Top talent converge at Yukon Classic for state preview

Photos by Michael Kinney

By Michael Kinney

The Yukon Classic Track and Field Meet has become a very popular event. Since Yukon's Miller Stadium has become the site of the 6A/5A state track and field championships, seemingly every coach wants to get their team some time on the track before the postseason arrives.

Because of that, the Classic assembles not only the largest field outside of the state meet, but also the most talented. With both 5A and 6A teams all battling for the same titles, it's a free for all.

This year was no different as 27 teams from around the state converged in Yukon April 13. But it was mother nature show stole show as high winds and wildfires caused havoc throughout the day. 

"The elements are always tough in Oklahoma," Norman coach Scott Monnard said. "This is even challenging for Oklahoma. For the sprinters, for the 100, for the hurdles, for the 200, it's not really a factor. They get the wind. But the distance races, the 400, the 300 hurdles, you just have to remain."

Despite that, Midwest City and Edmond Memorial came in and rolled to team titles.

On the boy's side, it was the Bombers who took home the team championship with 82 points. Choctaw was the runner-up with 61 points.

Edmond North (60), Carl Albert (51), Norman High (46), Norman North (44), Shawnee (40), Union (38) and Westmoore (28) rounded out the top 10.

For the girls, it was the Huskies who tallied 109 points. That was just 18 more than runner-up Southmoore.

The rest of the top 10 included Edmond North (51), Union (39), Weatherford (38), Midwest City (35), Broken Arrow (34), Del City (28), Norman (26) and Mustang (20).

"The conditions aren't prime for doing well today or whatever," Mustang coach Eric Peterson said. "But overall, I thought the girls competed hard and did well. This whole teacher walkout deal's kind of throwing a wrinkle and trying to get everyone consistently to practice so we're doing the best we can and making due and hopefully we can just keep making some strides as we work towards the end of the season."

Some of the top performances came from the least experienced athletes.

Westmoore freshman Kendra Gillespie took the top spot in the shot put with a throw of 41-feet. She held off fellow freshman Maddison Collier of Hennessey, who took second.

In the 800-run, it was Heritage Hall freshman Daphne Matthews who ran a 2:17.63 to win the event. And freshman India Morgan of Putnam City West who claimed the long jump with a leap of 18-04. Weatherford freshman Kennadi Price won the 3200.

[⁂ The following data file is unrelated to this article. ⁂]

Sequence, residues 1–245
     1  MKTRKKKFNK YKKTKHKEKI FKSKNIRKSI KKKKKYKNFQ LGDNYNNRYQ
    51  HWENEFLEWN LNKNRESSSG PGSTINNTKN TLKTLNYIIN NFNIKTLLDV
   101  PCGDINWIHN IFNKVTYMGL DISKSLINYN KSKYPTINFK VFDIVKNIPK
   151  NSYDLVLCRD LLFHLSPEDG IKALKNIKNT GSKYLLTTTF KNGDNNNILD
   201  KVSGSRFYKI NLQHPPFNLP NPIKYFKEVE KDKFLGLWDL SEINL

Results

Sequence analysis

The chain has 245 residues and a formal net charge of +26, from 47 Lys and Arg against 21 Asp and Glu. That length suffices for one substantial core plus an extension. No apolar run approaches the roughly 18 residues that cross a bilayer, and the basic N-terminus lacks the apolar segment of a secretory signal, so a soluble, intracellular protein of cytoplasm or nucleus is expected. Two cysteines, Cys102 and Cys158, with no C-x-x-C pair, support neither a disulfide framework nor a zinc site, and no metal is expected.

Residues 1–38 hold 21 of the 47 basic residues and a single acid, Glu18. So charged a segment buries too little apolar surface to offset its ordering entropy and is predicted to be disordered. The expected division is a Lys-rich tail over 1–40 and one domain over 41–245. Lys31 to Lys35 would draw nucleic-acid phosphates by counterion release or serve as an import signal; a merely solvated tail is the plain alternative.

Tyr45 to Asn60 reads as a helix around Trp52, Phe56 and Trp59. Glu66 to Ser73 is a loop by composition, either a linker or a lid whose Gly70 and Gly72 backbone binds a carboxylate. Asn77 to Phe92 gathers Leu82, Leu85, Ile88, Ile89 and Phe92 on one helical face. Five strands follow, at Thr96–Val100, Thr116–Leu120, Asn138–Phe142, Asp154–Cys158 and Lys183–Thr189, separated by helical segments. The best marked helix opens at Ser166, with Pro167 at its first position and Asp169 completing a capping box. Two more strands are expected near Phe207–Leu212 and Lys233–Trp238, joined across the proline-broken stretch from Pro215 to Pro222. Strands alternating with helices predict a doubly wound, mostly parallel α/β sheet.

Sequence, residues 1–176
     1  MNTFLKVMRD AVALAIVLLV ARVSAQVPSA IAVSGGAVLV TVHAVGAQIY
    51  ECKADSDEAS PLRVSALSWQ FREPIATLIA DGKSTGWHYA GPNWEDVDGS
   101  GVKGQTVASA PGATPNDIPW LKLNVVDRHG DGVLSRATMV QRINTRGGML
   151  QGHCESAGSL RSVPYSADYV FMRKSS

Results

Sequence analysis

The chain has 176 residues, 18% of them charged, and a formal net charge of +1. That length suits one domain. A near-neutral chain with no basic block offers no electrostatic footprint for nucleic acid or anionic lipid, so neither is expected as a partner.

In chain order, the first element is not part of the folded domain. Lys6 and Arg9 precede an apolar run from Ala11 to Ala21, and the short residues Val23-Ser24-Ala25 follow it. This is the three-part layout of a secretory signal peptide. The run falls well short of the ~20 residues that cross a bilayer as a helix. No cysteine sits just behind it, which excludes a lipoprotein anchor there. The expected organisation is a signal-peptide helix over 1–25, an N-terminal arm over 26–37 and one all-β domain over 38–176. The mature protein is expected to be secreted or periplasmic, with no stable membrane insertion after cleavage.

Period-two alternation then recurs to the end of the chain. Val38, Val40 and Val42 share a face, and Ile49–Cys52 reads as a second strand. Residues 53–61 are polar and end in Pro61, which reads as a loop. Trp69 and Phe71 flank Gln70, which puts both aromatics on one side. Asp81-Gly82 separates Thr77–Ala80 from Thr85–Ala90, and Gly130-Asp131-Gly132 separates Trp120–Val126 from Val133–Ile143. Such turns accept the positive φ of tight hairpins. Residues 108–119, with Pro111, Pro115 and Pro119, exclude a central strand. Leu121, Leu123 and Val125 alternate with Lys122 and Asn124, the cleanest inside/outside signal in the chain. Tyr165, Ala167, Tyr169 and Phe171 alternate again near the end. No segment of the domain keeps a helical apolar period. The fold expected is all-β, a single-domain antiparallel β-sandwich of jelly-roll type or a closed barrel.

Upperclassmen also had success. Deer Creek senior Elysia Burgos took the 1600 meter run with a time of 5:12.84. Mustang senior Rachel Hamel took the 300-hurdles while Union's Tizhane Brooks claimed the 400-meter dash.

Southmoore's Whitney Bridges ate up the competition in the 100-mete dash and helped the SaberCats secure the 4x400 meter relay title with a blistering final leg.

The relays on the boy's side made for some tight competition as well. While the Bombers won the 4x100 with a time of 41,97, it was Choctaw who wrapped up both the 4x200 and 4x400.

Choctaw was able to capture the 4x400 even as smoke from wildfires more than two hours from Yukon filled the stadium.

Norman High had the best time in the 4x800 as they ran an 8:11.67. Carl Albert was five seconds behind them.

Midwest City Howard Douglass ran a 10.38 to win the 100 and Putnam City West's Jesse Porter grabbed the 200-meter dash with a 21.31.

The field in the 200-meter was so deep, that nine runners ran under 22 seconds.

Westmoore's Anthony Riley said his hamstring wasn't feeling right so he only took one jump in the finals of the long jump. That was all the defending champion needed to a still the event at 23-feet.

Many of the athletes who competed at the Classic will be back at Miller Stadium May 11-12 for the 6A/5A state meet. Until then, most coaches want their teams to have learned from the experience.

 "This meet, you get a lot of east side schools. It's always one of the bigger meets in the states and challenging," Monnard said. "We kind of use this as a springboard before the next three weeks. You got maybe next week, then take a week off, you've got conference week. I think more than anything, it gives a lot of kid's confidence and makes them refocus for the next three weeks."